17 Sustainable Development Goals Were Adopted in 2015; So How Are We Tracking?

17 Sustainable Development Goals Were Adopted in 2015; So How Are We Tracking?

Goals are set to bring us to a desired result or future. People involved in the goal-setting collectively commit to working towards the achievement of these goals. This was what happened in September 2015 when the United Nations brought world leaders together to adopt the Sustainable Development Goals.

Reeling from the success of the eight Millenium Development Goals in 2000, they set their goals higher in an effort to make the world a better place to live in. Just a recap, the Sustainable Development Goals are 17 specific goals with 169 targets, from ending poverty and hunger, to ensuring good health, gender equality, accessibility of quality education, housing, water and sanitation, promoting industrialisation, use of sustainable energy, and combating climate change. These goals can be captured in ‘5 Ps’ – people, planet, prosperity, peace, and partnership.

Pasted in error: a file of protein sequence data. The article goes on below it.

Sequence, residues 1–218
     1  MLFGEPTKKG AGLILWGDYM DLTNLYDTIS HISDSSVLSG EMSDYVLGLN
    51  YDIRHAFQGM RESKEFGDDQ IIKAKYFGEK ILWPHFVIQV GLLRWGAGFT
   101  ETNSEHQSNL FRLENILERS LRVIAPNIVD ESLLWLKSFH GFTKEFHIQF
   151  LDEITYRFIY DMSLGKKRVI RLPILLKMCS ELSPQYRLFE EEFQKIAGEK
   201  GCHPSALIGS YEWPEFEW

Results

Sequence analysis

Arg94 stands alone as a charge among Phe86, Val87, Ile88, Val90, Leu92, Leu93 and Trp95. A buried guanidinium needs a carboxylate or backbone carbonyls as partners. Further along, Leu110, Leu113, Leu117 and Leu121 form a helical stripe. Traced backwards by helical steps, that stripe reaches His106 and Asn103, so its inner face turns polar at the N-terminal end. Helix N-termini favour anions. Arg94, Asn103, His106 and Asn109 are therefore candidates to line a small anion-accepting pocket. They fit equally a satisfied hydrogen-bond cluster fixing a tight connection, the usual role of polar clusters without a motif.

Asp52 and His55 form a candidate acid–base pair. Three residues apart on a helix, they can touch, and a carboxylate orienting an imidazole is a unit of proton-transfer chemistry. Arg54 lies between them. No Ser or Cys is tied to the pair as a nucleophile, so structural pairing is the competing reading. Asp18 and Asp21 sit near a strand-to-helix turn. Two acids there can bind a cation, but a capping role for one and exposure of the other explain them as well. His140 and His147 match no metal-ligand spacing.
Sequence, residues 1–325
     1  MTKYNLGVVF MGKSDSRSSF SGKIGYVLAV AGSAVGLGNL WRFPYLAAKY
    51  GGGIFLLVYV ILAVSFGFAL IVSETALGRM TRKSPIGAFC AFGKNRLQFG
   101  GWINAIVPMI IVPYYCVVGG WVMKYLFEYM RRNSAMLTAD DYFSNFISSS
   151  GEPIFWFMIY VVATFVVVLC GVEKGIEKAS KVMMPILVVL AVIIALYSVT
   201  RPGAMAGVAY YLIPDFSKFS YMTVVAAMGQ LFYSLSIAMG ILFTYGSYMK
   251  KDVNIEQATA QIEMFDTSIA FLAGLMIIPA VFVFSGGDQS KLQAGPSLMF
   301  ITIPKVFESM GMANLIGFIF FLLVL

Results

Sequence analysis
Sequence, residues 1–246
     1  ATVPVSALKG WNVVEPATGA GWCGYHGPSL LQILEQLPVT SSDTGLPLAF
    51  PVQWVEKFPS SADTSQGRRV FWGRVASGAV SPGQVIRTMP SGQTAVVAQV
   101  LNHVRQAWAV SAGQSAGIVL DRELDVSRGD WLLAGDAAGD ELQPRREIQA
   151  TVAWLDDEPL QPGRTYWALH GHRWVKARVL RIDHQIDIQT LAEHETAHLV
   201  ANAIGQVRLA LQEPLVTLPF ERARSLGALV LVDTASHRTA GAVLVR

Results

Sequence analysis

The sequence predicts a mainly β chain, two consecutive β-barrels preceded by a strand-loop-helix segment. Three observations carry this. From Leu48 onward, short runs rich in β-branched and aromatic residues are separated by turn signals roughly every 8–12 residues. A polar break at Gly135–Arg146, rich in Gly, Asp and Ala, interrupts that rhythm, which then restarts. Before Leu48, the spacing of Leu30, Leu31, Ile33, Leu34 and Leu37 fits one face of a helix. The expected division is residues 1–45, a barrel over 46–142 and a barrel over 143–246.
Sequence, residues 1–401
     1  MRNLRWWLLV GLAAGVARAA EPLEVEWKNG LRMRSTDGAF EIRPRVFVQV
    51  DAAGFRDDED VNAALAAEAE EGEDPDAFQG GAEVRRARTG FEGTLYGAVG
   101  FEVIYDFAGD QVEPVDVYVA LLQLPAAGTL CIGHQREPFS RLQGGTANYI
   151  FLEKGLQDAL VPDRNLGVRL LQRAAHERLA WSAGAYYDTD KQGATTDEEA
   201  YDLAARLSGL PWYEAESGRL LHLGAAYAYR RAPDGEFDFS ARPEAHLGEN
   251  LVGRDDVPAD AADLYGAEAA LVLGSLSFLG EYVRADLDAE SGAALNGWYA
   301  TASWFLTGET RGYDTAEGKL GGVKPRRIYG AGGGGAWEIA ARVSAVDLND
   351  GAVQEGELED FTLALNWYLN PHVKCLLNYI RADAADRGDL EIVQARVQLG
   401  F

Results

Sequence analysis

Indeed, what a wonderful world it would be if all these can be achieved by 2030. Say what? 2030? That’s only 10 years from now. So, how are we doing?

Companies Need to Set More Ambitious Targets to Achieve Sustainable Development Goals by 2030, Report Shows
United Nations

Since the SDGs are goals, we need to measure them with key performance indicators to determine where we’re at in a specific time. Educational researcher Barry Zimmerman said, “Feedback ensures that action can be taken if necessary. It allows us to reflect upon our ability. When feedback is delayed, there could be a potential reduction in the rate of progress.” Let’s take this moment to reflect on how we’re doing concerning the attainment of the Sustainable Development Goals five years after its signing. The United Nations provides an annual report to its member countries for evidence-based feedback and monitoring so let’s take a look at the findings.